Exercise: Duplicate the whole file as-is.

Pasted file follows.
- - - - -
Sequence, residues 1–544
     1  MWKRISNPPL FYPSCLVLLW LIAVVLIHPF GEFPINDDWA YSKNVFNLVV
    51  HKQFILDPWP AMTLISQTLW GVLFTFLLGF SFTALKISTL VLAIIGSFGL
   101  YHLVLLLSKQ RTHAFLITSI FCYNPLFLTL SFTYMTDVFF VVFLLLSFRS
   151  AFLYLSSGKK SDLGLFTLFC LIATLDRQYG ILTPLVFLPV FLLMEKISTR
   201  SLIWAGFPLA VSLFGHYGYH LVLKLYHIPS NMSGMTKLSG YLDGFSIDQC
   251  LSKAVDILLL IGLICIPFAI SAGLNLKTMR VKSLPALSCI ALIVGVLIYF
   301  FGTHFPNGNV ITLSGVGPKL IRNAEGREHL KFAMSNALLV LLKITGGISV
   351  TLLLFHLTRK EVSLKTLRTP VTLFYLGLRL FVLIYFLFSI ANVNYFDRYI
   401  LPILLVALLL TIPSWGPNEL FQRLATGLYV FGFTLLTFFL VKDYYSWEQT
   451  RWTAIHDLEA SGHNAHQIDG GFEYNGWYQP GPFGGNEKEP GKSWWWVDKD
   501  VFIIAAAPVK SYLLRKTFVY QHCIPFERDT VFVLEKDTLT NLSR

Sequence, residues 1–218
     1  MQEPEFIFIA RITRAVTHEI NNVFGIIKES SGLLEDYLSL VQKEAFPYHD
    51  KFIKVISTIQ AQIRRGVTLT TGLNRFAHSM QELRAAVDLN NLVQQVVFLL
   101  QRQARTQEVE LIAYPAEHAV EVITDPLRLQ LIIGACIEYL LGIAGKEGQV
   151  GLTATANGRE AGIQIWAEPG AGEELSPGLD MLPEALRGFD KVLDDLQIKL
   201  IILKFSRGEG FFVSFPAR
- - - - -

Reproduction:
Sequence, residues 1–544
     1  MWKRISNPPL FYPSCLVLLW LIAVVLIHPF GEFPINDDWA YSKNVFNLVV
    51  HKQFILDPWP AMTLISQTLW GVLFTFLLGF SFTALKISTL VLAIIGSFGL
   101  YHLVLLLSKQ RTHAFLITSI FCYNPLFLTL SFTYMTDVFF VVFLLLSFRS
   151  AFLYLSSGKK SDLGLFTLFC LIATLDRQYG ILTPLVFLPV FLLMEKISTR
   201  SLIWAGFPLA VSLFGHYGYH LVLKLYHIPS NMSGMTKLSG YLDGFSIDQC
   251  LSKAVDILLL IGLICIPFAI SAGLNLKTMR VKSLPALSCI ALIVGVLIYF
   301  FGTHFPNGNV ITLSGVGPKL IRNAEGREHL KFAMSNALLV LLKITGGISV
   351  TLLLFHLTRK EVSLKTLRTP VTLFYLGLRL FVLIYFLFSI ANVNYFDRYI
   401  LPILLVALLL TIPSWGPNEL FQRLATGLYV FGFTLLTFFL VKDYYSWEQT
   451  RWTAIHDLEA SGHNAHQIDG GFEYNGWYQP GPFGGNEKEP GKSWWWVDKD
   501  VFIIAAAPVK SYLLRKTFVY QHCIPFERDT VFVLEKDTLT NLSR

Sequence, residues 1–218
     1  MQEPEFIFIA RITRAVTHEI NNVFGIIKES SGLLEDYLSL VQKEAFPYHD
    51  KFIKVISTIQ AQIRRGVTLT TGLNRFAHSM QELRAAVDLN NLVQQVVFLL
   101  QRQARTQEVE LIAYPAEHAV EVITDPLRLQ LIIGACIEYL LGIAGKEGQV
   151  GLTATANGRE AGIQIWAEPG AGEELSPGLD MLPEALRGFD KVLDDLQIKL
   201  IILKFSRGEG FFVSFPAR